Monticello

From Academic Kids

This is about the Jefferson residence. For other uses, see Monticello (disambiguation).
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Thomas Jefferson's Monticello

Monticello is the estate of Thomas Jefferson located near Charlottesville, Virginia. The house, of Jefferson's own design, is situated on the slope of a small hill (his "monticello") in the Southwest Mountains south of the Rivanna Gap. An image of the west front of Monticello is featured on the reverse of the 5 cent coin of the United States of America, and on the version of the back side of the two dollar bill that was printed from 1928 to 1966.

Contents

History

Work began on Monticello in 1768, and Jefferson moved into the South Pavilion (an outbuilding) in 1770. The original style was based on the classical style of Palladian architecture with which Jefferson became familiar during his studies at The College of William and Mary . The original design was largely completed (except for porticoes and decorative interior woodwork) when Jefferson left in 1784 for extended travels in Europe representing the new Republic of the former British American colonies, Jefferson expanded his vision for Monticello to incorporate features of buildings and ruins he admired in his travels. Further work to the new design began in 1796, and the building of Monticello is considered to have been substantially completed in 1809 with the erection of the dome.

The Jefferson family sold Monticello to James T. Barclay, a local apothecary, in 1831, who quickly sold it in 1834 to Uriah P. Levy, the first Jewish American to serve an entire career as a commissioned officer in the United States Navy and who greatly admired Jefferson. The house was seized by the Confederate government and sold, but recovered by the Levy family and acquired by a private, nonprofit organization, the Thomas Jefferson Foundation, in 1923. Monticello is now operated as a museum and educational institution. Visitors can view rooms in the cellar and ground floor, but the top two floors are not open to visitors.

Monticello is the only home in the United States of America that has been designated a World Heritage site. This designation also includes the original grounds of the nearby University of Virginia, also designed by Jefferson. Called the Academical Village (http://etext.virginia.edu/jefferson/grizzard) by Jefferson, Frank E. Grizzard, Jr., a University of Virginia historian, has written a fine dissertation on the construction of the original buildings at the University of Virginia. Jefferson also had a home near Lynchburg, Virginia called Poplar Forest and designed Virginia's capitol building in Richmond.

Decoration and furnishings

Much of the interior decoration and fitting reflect the ideas and ideals of Jefferson himself. The original main entrance is through the portico on the east front. The ceiling of the portico incorporates a dial connected to a weather vane on the room, showing the direction of the wind, and a large clock face (with hour hand only: Jefferson thought this was accurate enough for outdoor labourers) on the external east-facing wall reflects the time shown on the "Great Clock" (designed by Jefferson) in the entrance hall. The entrance hall contains articles collected by Lewis and Clarke on their famous expedition, and the floorcloth in the entrance hall is painted grass green, since Jefferson wanted it to feel as if he were still in the outdoors when he walked in the door.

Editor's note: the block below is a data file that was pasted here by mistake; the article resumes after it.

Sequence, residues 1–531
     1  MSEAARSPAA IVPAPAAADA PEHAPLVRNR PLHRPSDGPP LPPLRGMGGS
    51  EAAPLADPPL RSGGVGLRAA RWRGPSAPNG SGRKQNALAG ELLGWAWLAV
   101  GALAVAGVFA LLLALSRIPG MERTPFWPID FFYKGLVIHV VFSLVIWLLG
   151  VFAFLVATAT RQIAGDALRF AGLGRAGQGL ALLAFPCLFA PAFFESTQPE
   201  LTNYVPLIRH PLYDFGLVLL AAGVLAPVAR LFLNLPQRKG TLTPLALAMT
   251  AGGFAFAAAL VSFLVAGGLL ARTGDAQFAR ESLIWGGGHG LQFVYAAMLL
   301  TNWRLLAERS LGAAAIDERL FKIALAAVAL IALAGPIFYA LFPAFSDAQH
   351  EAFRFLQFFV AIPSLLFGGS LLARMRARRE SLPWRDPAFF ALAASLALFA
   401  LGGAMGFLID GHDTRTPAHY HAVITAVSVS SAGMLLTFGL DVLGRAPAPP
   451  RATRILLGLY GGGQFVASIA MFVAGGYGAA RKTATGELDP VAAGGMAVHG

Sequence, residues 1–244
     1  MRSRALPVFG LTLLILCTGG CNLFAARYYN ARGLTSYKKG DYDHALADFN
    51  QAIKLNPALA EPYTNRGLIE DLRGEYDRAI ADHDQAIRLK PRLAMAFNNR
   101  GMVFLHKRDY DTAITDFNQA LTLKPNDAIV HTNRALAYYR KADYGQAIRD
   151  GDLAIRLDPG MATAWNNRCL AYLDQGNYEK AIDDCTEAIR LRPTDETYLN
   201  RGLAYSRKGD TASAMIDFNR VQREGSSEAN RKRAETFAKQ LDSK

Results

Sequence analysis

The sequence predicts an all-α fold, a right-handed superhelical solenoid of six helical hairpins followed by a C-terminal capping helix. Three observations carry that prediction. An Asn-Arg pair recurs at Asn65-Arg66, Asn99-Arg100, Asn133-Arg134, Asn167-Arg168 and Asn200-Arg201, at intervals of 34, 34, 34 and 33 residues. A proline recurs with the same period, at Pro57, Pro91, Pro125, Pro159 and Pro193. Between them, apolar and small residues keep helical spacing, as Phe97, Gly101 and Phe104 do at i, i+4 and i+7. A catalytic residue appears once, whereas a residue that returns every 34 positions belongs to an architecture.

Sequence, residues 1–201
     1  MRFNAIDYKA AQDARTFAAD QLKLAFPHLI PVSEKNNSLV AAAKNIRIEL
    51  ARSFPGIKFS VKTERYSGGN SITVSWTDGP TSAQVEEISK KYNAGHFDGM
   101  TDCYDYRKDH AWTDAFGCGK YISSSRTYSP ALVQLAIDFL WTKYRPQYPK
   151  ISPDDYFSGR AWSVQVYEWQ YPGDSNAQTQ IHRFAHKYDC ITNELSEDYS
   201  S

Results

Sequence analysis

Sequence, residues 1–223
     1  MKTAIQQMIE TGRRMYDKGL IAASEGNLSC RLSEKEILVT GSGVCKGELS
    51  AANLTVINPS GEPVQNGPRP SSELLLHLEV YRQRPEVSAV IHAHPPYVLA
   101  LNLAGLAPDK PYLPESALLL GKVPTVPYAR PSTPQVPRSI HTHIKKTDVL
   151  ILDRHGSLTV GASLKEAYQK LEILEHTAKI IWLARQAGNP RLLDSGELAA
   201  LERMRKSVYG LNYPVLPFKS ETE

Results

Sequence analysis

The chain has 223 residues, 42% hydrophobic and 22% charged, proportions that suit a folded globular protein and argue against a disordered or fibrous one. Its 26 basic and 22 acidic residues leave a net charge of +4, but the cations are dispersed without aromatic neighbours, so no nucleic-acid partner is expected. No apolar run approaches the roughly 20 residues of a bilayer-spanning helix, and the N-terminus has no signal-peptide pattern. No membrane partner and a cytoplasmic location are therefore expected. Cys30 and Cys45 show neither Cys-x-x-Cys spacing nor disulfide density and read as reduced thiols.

The south wing includes Jefferson's private suite of rooms. The library holds many books in Jefferson's third library collection: his first library was burned in a plantation fire; he donated his second library to Congress to replace the books burned by the British, forming the nucleus of the Library of Congress.

Many of the rooms incorporate skylights to increase the natural light. Jefferson considered much furniture to be a waste of space, so the dining room table was only erected at mealtimes, and cleared away at other times, and beds are contained within alcoves within thickened walls, with the space around being used for storage. Jefferson's bed opens to two sides, to his cabinet (study) and to his bedroom (in reality a dressing room). His cabinet includes Jefferson's swivelling chair, identical to one acquired by George Washington from the same make which is displayed at Mount Vernon, but with the addition of twin candleholders, a travelling revolving bookstand, and a polygraph (copying machine) which enabled Jefferson to make exact facsimilies of his correspondence.

The parlour lies on the east-west axis of the house. Automatic closing double doors (an ingenious mechanism connects the doors, so closing one door automatically closes the other) connecting to the entrance hall to the east, and the parlour looks out over the lawn to the west. The west front (illustration) gives the impression of a villa of very modest proportions, with a lower floor disguised in the hillside.

The north wing includes the dining room, with dumbwaiter incorporated into the fireplace to bring wine up from the cellar, and dumbwaiters (shelved tables on castors) and pivoting serving door with shelves so guests would be interrupted by slaves and servants less often; and two further guest bedrooms with alcoved beds, one octagonal (the octagon was a shape favoured by Jefferson, and used repeatedly at another of his houses, Poplar Forest).

Outbuildings and plantation

The main house was augmented by small outlying pavilion to north and south. A row of functional buildings (dairy, washhouses, carpenters, shorehouses, etc.) and slave dwellings, known as Mulberry Row, lay nearby to the south, but little trace of these outbuildings remains.

The house was the centre of a plantation of 5,000 acres, tended by some 150 slaves.

See also

External links

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